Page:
The Folly of GMOs is Becoming (More) Apparent

Posted on July 11, 2013

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Man-made evolution in the form of GMOs is driving natural evolution… and Nature is winning.

Tom Philpott of Mother Jones is one of my favorite food journalists.  Not a “foodie” like we find on the Food Network; I mean he talks about food security, Big Agriculture, food-related laws, and global food production.  His latest, “Monsanto is Losing the Press,” is at once frightening and hopeful.

On the frightening side, he recounts “the declining effectiveness of GMO-seed giant Monsanto’s flagship products: crops engineered to resist insects and withstand herbicides.”  You have probably heard of “Roundup-Ready” corn, designed to resist the herbicide Roundup; the idea was that farmers could kill weeds without hurting the corn.  Or perhaps Bt corn, so called because its DNA is engineered to contain the bug-fighting genes of Bacillus thuringiensis.

Well – it should not come as any surprise to the Darwinists among us that these weeds and bugs, coming under the environmental pressures exerted by these bioengineering feats, didn’t last too many generations… before they evolved.  Survival of the fittest, baby!  So now we have Roundup-resistant super-weeds to go with our Roundup-Ready corn; we have Bt- resistant rootworms, to go with our Bt corn.  It is no different from the antibiotic-resistant bacteria we have seen emerging in the wake of over-use of antibiotics.

But the really frightening thing is the farmers’ response.  They are responding to super-weeds by just applying more and more herbicide, and they are responding to super-bugs by applying various chemical pesticides (wash those veggies!!) – exactly what Bt corn was supposed to avoid.  But what else can they do?  As Mr. Philpott explains, in most counties of the US, roughly a third of farmers have no seed-buying choices other than Monsanto.    Also according to Mr. Philpott:  “As I showed in my post [last year], Monsanto, DuPont, Syngenta, and Dow together control 80 percent of the corn seed market and 70 percent of the soy market.”

I find this kind of short-sighted, monopoly- and money-driven science to be the scariest thing of all.  We have been “tampering” with our crops probably, oh, since agriculture was invented; but up until recently, that tampering was accomplished through cross-breeding and artificial selection (essentially, human-driven evolution).  Even so, we managed to breed a lot of nutrition out of our foods in favor of sweeter flavors, visual appeal, or ease of shipping.  Since the advent of genetic engineering – directly fiddling with an organism’s DNA, combining it with snippets of code from completely different species, even inserting animal DNA into plants – I suspect the potential for stupidly, myopically ruining the nutritional value of our food goes much deeper.  Another threat introduced by genetic engineering is the resulting loss of genetic diversity; the danger of monoculture practice is that we are just a couple of crop failures away from catastrophe.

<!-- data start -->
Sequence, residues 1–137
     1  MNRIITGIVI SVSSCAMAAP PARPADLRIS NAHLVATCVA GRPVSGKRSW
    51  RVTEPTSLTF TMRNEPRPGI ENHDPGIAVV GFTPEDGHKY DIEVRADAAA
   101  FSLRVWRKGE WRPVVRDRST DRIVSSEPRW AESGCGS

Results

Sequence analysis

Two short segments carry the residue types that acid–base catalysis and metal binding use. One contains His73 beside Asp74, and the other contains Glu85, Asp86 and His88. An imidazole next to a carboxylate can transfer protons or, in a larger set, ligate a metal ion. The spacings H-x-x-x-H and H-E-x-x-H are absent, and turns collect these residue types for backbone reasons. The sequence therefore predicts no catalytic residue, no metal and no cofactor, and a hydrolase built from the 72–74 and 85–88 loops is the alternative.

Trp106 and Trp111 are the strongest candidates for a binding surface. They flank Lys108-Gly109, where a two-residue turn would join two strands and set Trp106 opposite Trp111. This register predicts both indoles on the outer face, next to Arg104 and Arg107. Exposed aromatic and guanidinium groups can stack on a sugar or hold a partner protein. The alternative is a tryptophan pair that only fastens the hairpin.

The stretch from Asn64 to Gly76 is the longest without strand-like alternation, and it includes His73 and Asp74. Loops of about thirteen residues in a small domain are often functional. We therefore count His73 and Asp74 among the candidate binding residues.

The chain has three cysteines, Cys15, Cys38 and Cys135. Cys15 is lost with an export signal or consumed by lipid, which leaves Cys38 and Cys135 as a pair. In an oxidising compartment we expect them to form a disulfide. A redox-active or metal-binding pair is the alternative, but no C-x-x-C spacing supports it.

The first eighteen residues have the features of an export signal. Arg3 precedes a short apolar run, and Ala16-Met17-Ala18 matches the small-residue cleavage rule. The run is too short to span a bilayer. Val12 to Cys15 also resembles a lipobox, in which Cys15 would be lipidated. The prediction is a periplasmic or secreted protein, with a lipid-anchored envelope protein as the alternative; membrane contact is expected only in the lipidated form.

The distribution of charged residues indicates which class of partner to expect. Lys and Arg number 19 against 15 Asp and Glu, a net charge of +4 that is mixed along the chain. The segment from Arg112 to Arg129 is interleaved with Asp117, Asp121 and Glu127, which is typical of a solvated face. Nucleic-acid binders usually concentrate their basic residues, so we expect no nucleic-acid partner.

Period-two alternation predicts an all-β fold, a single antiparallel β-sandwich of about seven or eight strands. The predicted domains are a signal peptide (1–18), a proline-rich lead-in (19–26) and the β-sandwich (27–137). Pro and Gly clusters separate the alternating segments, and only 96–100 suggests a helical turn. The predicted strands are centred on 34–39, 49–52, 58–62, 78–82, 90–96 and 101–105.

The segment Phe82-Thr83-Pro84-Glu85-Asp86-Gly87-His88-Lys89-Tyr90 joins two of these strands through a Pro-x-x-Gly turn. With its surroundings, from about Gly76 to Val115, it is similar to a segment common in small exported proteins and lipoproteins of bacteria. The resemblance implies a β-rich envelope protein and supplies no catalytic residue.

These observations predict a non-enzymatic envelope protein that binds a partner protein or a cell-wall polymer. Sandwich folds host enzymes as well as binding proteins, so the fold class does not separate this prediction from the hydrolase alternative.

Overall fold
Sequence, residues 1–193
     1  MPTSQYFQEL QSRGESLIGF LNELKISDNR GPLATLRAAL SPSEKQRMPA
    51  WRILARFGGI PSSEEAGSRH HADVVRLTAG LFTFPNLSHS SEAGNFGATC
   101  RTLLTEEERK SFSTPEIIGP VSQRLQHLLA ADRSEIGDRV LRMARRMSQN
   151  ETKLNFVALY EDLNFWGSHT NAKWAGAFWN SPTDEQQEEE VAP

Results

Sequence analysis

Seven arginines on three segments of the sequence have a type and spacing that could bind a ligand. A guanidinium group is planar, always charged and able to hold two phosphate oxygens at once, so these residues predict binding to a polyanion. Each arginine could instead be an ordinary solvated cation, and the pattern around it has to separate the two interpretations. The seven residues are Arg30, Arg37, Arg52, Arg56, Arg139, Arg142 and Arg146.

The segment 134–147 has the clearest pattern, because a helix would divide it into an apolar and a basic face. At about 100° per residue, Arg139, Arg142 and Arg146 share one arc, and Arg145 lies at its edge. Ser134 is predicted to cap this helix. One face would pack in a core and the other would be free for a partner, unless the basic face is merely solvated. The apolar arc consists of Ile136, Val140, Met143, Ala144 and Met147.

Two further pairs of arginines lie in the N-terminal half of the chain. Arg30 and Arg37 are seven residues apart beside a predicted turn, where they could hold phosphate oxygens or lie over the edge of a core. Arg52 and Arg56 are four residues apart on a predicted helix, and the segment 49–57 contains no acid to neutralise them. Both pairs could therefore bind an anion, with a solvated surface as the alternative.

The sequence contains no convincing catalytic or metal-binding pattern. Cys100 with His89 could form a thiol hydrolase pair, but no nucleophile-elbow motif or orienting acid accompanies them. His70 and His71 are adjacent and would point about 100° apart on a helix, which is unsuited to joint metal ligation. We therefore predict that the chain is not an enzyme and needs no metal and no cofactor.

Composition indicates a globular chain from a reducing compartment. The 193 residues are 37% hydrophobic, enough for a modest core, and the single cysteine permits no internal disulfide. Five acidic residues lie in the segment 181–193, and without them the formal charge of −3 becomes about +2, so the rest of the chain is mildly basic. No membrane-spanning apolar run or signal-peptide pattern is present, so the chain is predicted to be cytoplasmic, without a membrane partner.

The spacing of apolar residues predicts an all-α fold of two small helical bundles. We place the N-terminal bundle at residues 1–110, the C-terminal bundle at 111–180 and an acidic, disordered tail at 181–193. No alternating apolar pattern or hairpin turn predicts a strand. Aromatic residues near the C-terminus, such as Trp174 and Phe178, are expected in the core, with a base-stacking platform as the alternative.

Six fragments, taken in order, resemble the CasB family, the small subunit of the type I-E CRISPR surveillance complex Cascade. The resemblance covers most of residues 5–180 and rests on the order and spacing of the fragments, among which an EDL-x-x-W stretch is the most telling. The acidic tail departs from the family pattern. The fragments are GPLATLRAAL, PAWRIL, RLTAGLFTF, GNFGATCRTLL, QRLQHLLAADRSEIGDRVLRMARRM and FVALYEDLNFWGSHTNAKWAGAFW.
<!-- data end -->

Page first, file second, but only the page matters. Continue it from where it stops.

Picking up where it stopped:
As for the science behind Roundup-Ready and Bt corn, I fervently hope that Big Ag has learned something that the medical community is already painfully aware of:  when pressured, pests evolve, and then they pose an even bigger problem for us.  But as bad as our outlook is for the usefulness of antibiotics, what’s just starting to happen with our crops has far higher stakes.  We – human beings – still have a huge amount of biodiversity ourselves, which gives our species the capacity to survive epidemics just as we have in past centuries.  But the trend toward nutrient-poor monoculture crops is exceptionally dangerous, because it vastly diminishes genetic variation and takes away the capacity of our food crops to survive infestations.  And no one survives without enough food.

The hope in all of this, as Mr. Philpott notes, is that this sort of news has been breaking out of its confines in the agricultural trade journals and creeping more and more into the mainstream press, where the general public is made aware of it.  More consumers are becoming more concerned, and that is a good thing.  Consumers vote where it hurts:  with their pocketbooks.  I hope that they go even farther, and let their elected officials know that’s not the only vote they will be casting with these Big Ag practices in mind.

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